Top of Page
Skip main navigation

Curriculum Requirements

The Graduate Certificate in Family Systems Health Care consists of eight courses (24 credits), which include biopsychosocial and systemic theories, relationship skills, professional issues, and health care systems.

To complete the requirements for the Graduate Certificate in Family Systems Health Care, students must take 3 courses with prefix SFTM and 5 courses with prefix FSHC. Additional electives can be taken with the approval of the department chair.

SFTM 5310 - Introduction to Systems Theories (3 credits)

This course provides an overview of theories that use metaphors of system, pattern, interaction, and communication to describe human behavior and relationships as well as the study of the emergence of theories from cybernetics to language studies.

SFTM 5321 - Theories of Marital and Family Therapy (3 credits)

This course offers a comparative study of theories of marital and family therapy, including systemic, structural, strategic, intergenerational, contextual, behavioral, experiential therapies, and others, and provides a survey of differences in clinical practices. Prerequisite: SFTM 5310.

SFTM 6320 - Assessment in Marital and Family Therapy (3 credits)

This course provides an overview of methods and instruments used to define problems and indicate solutions. Diagnosis, appraisals, assessments, and testing appropriate to the practice of marriage and family therapy are addressed. This course also includes a comparative study of interactional approaches and individual and family dysfunction assessments.

FSHC 5000 - Family Systems Health Care I (3 credits)

Students receive an orientation to the field of family systems in health care that focuses on the biopsychosocial model for understanding health care issues for patients, families, medical professionals, and health care providers. An in-depth study of relationship and clinical skills that translate well within health care settings will be presented. A case study method will be used to examine the impact of language, culture, beliefs, and specific chronic, debilitating, and terminal diseases upon the experience of illness. The biopsychosocial issues surrounding specific medical conditions throughout the life cycle will be presented.

FSHC 5010 - Family Systems Health Care II (3 credits)

Personal beliefs and philosophies regarding dying, loss, and death will be explored. Bereavement across the life cycle, including developmental issues relating to adults and children and their understanding of loss, will be reviewed. The manner in which other cultures create meaningful rituals for life and death will be presented.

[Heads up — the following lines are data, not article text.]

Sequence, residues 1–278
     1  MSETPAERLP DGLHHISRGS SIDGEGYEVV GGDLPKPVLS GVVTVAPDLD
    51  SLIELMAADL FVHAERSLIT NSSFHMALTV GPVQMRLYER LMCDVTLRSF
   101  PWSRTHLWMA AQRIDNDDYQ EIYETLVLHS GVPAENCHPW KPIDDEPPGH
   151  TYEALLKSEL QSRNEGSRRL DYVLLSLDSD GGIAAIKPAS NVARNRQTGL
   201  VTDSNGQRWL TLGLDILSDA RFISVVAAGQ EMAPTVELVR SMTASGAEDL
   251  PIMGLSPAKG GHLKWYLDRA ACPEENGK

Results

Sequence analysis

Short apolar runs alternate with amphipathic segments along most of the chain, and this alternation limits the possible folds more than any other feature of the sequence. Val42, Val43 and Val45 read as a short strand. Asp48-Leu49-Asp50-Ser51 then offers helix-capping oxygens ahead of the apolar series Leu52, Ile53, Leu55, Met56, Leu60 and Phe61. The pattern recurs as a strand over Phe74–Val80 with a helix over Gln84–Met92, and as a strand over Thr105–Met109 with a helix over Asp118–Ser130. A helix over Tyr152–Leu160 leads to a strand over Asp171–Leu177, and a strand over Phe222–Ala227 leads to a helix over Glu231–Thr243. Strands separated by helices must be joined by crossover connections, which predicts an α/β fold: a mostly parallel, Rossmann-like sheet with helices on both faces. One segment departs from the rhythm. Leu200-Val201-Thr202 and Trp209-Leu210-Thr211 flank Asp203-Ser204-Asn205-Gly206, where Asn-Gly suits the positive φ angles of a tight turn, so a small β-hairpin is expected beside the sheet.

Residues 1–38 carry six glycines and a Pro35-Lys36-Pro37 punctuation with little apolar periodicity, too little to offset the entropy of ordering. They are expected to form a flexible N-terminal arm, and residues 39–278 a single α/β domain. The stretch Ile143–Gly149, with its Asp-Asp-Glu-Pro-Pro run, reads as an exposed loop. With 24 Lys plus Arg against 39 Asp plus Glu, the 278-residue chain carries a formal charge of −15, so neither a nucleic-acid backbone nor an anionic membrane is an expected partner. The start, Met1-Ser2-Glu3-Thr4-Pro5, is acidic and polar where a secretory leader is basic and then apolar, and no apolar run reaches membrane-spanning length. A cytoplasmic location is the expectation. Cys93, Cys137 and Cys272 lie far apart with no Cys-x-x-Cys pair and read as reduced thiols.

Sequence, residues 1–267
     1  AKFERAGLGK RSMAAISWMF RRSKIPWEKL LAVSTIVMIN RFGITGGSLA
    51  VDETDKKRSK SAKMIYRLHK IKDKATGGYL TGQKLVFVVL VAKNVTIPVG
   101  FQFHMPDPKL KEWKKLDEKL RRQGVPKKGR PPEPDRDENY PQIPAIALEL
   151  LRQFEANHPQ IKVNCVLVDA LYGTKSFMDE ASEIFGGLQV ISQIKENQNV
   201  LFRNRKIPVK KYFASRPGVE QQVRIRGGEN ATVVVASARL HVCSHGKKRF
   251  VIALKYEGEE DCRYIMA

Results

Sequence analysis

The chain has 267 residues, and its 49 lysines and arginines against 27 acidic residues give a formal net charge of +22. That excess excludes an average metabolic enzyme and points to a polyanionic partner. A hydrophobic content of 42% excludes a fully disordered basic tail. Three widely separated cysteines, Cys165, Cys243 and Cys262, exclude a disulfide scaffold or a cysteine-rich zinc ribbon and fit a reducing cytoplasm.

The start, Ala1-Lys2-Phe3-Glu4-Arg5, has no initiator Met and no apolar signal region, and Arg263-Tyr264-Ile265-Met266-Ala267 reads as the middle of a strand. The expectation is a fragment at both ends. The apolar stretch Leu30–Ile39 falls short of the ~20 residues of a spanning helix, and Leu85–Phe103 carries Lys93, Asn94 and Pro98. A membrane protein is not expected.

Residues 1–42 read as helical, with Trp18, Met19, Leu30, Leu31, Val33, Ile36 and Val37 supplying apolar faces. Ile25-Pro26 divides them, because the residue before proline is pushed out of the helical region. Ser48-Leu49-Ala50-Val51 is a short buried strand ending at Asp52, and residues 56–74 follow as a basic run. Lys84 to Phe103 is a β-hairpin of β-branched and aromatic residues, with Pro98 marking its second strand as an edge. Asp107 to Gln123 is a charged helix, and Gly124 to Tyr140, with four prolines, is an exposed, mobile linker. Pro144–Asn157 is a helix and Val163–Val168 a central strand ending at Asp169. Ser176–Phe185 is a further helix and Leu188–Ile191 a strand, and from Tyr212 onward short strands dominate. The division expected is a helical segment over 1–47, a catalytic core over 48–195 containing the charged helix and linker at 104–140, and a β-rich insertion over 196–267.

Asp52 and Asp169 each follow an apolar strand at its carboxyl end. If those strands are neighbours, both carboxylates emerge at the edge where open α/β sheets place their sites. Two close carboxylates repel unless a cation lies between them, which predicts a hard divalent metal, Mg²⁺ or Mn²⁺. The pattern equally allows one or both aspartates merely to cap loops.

FSHC 5300 - Integration and Collaboration of Health Care Systems (3 credits)

This course is an introduction to health care delivery systems through an investigation of medical models, terminology, and approaches used by physicians, medical specialists, and other health care professionals to diagnose and treat disease and to care for the human condition. Students will be oriented to health care systems and settings including hospitals, clinics, hospices, and private practices. Alternative approaches to health care will also be addressed.

FSHC 5500 - Politics and Economics of Health Care (3 credits)

An overview of the history of medicine will be presented to give students an understanding of how social and political changes affect medical care. Current issues in the health care field will be discussed, such as the growth in managed care companies, proposed nationalized health care, patient/physician/health care system relationships, and the rise in malpractice litigation. The potential roles of a Family Systems Health Care professional within these complex systems will be presented.

FSHC 6400 - Human Systems in Health Care (3 credits)

This course will introduce students to the fundamentals of relationship management within complex organizational settings, with special appreciation of the dynamics that apply within the world of health care. Students will learn to identify, assess, and intervene utilizing principles at both macro and micro levels of operation.

Below is a sample of a degree plan for a full-time student who begins their studies in Fall term. Degree plans will be modified based on a student's enrollment date and pace of study.

Table 1: Degree Plan: 24 credits hours
Fall (August) Winter (January) Summer (May)
Year 1

SFTM 5310 -
Introduction to Systems Theories

FSHC 5000 -
Family Systems Health Care I

FSHC 5500 -
Politics and Economics of Health Care Systems

SFTM 5321 -
Theories of Marital and Family Therapy

FSHC 5010 -
Family Systems Health Care II (Grief and Loss Across Cultures)

FSHC 6400 -
Understanding Human Systems in Health Care Settings

FSCH 5100: External Practicum I

SFTM 6320 -
Assessment in Marital and Family Therapy (may be transferred in)

FSHC 5300 -
Integration and Collaboration Among Health Care Systems
FSCH 5110: External Practicum II

{*Electives offered each trimester}
Return to top of page